Why do we elders start equating everything in life with its ‘return on investment’ viability? Why can’t we simply enjoy little things for what they are worth? Is it really very difficult to be pleased?
Today’s visit to the circus made me ask myself few of these questions. While on one side there were discussions amongst us about how much fun it was when as kids we saw tigers and elephants from such close quarters, on the other side there was certain unhappiness about how ‘boring’ it has all become now.
Was it really boring? I wondered. The kids certainly were entertained throughout. Trapeze, acrobatics, the clowns, the dogs and the cycle stunts, etc. live and real, was all new for them. They laughed like crazy and their eyes popped out of their sockets when they saw five people balancing on one.
What wasn’t to like here? Why didn’t we parents like it as much? Did the grossly overpriced tickets or our unmet expectations make us judgemental about it? Did our parents feel the same when we were kids or did they enjoy with us?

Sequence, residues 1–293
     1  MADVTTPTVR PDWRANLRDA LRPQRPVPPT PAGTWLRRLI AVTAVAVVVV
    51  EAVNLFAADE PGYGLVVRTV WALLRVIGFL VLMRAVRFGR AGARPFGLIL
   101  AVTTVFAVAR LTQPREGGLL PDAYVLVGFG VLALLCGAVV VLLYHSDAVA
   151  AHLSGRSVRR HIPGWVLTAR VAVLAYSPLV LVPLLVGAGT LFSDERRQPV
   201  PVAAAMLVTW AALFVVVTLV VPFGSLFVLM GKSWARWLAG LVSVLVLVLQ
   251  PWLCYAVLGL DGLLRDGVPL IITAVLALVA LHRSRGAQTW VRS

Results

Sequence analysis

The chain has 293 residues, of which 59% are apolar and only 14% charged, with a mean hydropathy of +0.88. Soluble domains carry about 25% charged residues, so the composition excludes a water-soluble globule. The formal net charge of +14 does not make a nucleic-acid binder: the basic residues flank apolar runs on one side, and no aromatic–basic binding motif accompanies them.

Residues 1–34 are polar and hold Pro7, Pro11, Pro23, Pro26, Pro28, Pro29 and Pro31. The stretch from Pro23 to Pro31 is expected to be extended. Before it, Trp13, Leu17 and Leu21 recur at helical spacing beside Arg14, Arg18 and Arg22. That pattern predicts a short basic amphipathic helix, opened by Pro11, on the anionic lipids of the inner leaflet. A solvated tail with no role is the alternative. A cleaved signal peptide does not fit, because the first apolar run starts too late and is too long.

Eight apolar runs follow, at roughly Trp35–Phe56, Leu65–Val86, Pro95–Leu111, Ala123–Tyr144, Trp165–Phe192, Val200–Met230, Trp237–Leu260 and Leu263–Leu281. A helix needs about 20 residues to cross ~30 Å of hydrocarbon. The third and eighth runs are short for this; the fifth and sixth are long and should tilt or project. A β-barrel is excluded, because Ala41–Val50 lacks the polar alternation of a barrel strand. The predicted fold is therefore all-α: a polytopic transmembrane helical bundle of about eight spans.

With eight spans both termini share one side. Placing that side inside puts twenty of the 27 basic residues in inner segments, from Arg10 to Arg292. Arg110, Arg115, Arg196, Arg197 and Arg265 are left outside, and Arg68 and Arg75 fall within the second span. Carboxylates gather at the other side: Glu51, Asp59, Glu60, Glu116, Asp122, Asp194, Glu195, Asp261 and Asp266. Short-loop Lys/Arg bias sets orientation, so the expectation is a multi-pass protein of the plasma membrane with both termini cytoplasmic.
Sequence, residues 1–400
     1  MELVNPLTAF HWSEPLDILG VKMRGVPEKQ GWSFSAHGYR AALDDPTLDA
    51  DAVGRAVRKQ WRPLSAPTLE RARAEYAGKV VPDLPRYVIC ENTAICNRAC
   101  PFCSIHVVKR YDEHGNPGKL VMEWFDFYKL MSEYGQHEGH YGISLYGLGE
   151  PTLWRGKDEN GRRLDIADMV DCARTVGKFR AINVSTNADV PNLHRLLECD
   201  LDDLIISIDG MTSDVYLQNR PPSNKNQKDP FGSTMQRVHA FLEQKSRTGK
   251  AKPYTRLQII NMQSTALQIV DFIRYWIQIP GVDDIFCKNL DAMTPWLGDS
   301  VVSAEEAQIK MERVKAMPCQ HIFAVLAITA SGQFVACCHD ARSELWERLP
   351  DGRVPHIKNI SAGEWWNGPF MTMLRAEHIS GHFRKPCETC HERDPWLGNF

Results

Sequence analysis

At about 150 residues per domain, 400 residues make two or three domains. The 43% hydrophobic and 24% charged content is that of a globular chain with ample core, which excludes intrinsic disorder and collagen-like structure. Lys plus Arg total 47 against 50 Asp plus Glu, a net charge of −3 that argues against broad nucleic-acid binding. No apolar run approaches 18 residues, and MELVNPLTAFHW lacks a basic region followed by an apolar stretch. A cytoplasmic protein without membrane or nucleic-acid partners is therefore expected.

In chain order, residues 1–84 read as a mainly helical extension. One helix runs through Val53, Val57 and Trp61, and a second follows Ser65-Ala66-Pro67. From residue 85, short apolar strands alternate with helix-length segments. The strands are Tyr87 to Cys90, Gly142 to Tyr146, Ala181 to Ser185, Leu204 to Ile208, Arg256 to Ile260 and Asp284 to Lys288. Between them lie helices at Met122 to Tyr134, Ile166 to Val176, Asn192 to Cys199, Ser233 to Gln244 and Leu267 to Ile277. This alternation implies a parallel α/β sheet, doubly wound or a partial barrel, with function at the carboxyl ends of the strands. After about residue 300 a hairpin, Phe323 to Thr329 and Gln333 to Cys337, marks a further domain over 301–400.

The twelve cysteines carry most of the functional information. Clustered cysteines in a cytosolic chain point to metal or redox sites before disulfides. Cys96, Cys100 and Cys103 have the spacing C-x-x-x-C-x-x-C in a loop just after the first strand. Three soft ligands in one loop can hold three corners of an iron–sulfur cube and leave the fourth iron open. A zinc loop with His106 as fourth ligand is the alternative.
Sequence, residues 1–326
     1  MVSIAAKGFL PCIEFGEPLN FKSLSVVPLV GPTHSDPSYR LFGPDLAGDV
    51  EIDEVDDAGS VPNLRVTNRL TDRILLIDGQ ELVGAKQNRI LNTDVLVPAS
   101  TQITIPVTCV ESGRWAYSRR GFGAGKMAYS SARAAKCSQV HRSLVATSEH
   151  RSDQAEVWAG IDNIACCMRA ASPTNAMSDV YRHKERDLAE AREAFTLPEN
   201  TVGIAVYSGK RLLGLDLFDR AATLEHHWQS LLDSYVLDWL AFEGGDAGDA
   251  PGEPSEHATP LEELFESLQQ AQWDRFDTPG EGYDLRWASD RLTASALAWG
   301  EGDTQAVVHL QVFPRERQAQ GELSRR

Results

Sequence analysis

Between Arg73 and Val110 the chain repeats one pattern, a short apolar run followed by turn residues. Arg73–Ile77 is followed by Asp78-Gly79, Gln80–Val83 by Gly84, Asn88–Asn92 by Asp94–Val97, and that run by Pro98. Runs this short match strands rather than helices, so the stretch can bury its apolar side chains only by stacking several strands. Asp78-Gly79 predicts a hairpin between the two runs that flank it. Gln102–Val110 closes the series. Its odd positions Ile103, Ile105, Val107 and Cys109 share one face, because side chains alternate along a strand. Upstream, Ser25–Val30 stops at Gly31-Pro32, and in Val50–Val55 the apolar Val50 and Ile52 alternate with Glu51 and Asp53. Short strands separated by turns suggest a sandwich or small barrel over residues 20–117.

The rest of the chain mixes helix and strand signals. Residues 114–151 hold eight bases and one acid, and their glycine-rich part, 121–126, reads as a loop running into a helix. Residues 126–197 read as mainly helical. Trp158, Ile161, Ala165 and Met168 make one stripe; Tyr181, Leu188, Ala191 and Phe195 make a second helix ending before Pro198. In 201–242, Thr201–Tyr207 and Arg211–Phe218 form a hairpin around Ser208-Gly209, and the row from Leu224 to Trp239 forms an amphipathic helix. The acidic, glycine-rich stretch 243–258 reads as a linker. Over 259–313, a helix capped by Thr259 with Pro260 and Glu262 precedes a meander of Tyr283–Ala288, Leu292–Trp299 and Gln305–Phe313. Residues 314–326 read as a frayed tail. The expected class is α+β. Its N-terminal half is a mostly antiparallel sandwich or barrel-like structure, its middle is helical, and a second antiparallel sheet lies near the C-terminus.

Maintaining the inventory of people and property and handling the logistics are the biggest challenges for circuses. Added to that the huge competition they face from each other as well as other popular forms of entertainment like movies and game zones make them difficult to sustain.
It would be better if we learned to appreciate how much pain these people take to learn a certain craft and repeat it one show after another, whether they like it or not. It isn’t easy in any measure. I wish this integral part of our childhood doesn’t lose its existence.
I somehow learnt an important lesson from this today. Someone might take his kids to Disneyland and assume they had a great time there but a trip to the local fair would be just as enjoyable. Kids don’t care about how much we spent on them. We do.